Mexico, which has been subsidizing gasoline to shield residents from price spikes, announced on Saturday that the policy would not apply this coming week in the border region with the United States, including Tijuana, one of the busiest border crossings in the world.
The government’s statement did not give a reason for the suspension, which will run from April 2 and April 8, in some cities in the border states of Tamaulipas, Nuevo Leon, Coahuila, Chihuahua, Sonora, and Baja California.
The announcement, however, comes amid reports that since fuel prices have spiked after Russia invaded Ukraine, people living in the United States are driving across the border into Mexico in search of lower gas prices.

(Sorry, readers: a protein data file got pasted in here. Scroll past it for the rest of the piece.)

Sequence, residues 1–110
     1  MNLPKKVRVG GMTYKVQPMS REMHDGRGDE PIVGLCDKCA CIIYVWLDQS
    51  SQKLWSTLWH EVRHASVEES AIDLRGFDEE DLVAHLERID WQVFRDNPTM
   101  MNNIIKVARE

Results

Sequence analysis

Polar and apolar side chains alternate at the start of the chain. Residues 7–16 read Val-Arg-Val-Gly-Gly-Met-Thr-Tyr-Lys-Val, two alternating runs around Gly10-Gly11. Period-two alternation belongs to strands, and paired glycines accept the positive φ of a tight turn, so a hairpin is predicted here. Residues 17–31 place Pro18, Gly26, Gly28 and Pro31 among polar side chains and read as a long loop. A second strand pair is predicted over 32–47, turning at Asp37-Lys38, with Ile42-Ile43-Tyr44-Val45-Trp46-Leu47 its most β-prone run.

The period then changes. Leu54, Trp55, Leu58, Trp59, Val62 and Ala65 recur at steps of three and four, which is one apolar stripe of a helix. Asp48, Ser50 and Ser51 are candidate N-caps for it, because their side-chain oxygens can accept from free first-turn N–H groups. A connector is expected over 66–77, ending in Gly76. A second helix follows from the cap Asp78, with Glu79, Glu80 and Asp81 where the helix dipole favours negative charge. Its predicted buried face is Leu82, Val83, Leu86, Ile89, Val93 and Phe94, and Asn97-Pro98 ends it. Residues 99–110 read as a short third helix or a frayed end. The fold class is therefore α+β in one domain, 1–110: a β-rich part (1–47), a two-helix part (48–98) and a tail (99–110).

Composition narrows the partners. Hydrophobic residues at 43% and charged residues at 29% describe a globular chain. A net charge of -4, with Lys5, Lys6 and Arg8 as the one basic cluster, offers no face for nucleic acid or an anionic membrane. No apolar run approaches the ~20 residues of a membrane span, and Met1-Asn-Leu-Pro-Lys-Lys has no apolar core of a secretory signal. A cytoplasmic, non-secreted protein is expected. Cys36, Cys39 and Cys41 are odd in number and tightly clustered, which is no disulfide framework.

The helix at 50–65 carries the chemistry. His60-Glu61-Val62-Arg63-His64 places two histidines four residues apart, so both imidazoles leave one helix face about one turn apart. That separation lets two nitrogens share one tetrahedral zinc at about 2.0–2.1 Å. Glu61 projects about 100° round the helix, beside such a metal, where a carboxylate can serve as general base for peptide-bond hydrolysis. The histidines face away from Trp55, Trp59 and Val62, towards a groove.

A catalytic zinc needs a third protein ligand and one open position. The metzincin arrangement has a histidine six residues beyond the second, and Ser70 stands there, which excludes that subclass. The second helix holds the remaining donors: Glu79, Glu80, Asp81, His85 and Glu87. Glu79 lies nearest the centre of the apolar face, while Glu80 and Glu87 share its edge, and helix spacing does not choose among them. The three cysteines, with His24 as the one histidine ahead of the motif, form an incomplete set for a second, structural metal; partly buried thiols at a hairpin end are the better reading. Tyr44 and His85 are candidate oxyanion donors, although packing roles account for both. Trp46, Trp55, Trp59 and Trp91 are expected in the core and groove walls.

Mexico’s subsidy policy has been championed by the government of President Andres Manuel Lopez Obrador, who has long promised to insulate consumers from sharp price hikes at the pump.
In an interview with Reuters on Friday, Deputy Finance Minister Gabriel Yorio said Mexico planned to use the extra revenue it collects from higher oil prices to subsidize domestic gasoline and diesel prices.